Ecuador Information - Page 2
"Ecuador" became a Spanish possession in 1534. Led by Francisco Pizarro, Spanish soldiers conquered the whole region.
In 1822 the Spanish were defeated by Antonio Jose de Sucre, a lieutenant of Simon de Bolivar who won independence for Bolivia, Colombia, Ecuador, Panama, Peru and Venezuela. These countries formed the Republic of Gran Colombia.
In 1830 Ecuador left Gran Colombia and became an independent country.
During the first half of the twentieth century, Ecuador lost territory during conflicts with neighbouring countries. Towards the end of the century, in 1995, a border dispute with Peru flared up and continued for a number of years.
Between 1963 and 1966 Ecuador was ruled by a military junta and in 1968 the former president, Jose Maria Velasco, assumed dictatorial power. Velasco was overthrown by General Guillermo Rodriguez Lara in 1972.
Ecuador returned to civilian government in 1979.
Since the 1970s oil extraction has been important to Ecuador's economy. Towards the end of the 1990s a world decline in petroleum prices added to economic problems. Depreciation of the currency led to the adoption of the US dollar as the country's legal tender.
In 2010 the oil industry came under increasing state control.
Agriculture only provides a relatively small percentage of the country's Gross Domestic Product (GDP). Crops are bananas, plantains, potatoes, manioc (cassava), rice, sugarcane, cocoa and coffee. Cattle, sheep and pigs are reared. Shrimps, tuna and other fish are provided by the fishing industry.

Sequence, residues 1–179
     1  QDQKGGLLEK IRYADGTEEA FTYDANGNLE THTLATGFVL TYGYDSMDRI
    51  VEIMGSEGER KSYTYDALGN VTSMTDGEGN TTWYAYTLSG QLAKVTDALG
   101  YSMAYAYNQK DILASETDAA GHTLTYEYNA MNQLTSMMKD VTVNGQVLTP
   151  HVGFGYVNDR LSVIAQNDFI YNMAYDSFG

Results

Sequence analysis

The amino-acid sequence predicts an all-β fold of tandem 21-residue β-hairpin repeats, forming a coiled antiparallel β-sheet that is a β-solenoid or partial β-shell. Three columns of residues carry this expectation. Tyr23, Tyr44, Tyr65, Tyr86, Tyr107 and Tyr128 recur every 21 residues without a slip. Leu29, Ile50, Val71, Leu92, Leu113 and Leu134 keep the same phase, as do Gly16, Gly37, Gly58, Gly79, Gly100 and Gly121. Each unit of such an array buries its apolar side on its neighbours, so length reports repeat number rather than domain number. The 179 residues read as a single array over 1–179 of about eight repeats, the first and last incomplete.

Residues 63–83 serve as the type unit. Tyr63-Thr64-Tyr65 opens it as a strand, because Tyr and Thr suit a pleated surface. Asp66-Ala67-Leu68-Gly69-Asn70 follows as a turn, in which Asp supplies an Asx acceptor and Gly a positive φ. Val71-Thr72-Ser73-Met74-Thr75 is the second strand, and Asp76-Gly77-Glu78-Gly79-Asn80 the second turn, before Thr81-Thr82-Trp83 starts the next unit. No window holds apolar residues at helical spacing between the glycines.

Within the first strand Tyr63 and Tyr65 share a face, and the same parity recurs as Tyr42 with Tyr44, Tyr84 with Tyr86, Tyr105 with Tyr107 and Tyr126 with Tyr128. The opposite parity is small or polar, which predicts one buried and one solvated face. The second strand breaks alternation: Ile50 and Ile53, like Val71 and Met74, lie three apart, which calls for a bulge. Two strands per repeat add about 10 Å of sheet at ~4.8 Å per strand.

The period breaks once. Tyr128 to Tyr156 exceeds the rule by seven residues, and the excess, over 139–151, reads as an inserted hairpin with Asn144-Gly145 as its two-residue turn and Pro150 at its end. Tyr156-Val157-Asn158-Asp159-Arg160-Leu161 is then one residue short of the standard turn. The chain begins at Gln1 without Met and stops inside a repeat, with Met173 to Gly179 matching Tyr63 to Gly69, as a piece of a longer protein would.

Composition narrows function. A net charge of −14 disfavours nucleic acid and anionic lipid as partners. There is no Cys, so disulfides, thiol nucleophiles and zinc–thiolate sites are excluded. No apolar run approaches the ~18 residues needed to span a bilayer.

Principal industries are petroleum, chemicals, wood products, textiles and food processing.
The services sector accounts for the largest percentage of the GDP. Tourism is a growing industry; the Galapagos Islands are a popular tourist destination. (2011)
The earliest known representational images in the Americas are small carvings of female figures from Valdivia, Ecuador, dated around 3500 B.C. Other early artefacts include tools and spears.
Today, examples of traditional pottery are produced for the tourist market. Carvings in wood, such as locally grown balsa, can be found throughout Ecuador. Woollens and hand-woven rugs in Inca designs are produced.
Oswaldo Guayasamin (1919-1999), the painter and sculptor, is one of Ecuador's most famous artists. The Guayasamin Museum in Quito contains pre-colonial, colonial and twentieth century art.
Cultural institutions include the National Dance Company, the Humanizarte Cultural Foundation, the National Symphony Orchestra, and the Philharmonic Society.
Football is the favourite sport in Ecuador. Volleyball, basketball and pelota are also played.
Other sports include mountain climbing and fishing. Popular water sports are windsurfing and snorkeling.
Easter, Christmas and New Year are celebrated. Other holidays include Labour Day (1 May), Independence from Spain (24 May) and the Foundation of Quito (6 December).
News from Ecuador is available from Newslink.
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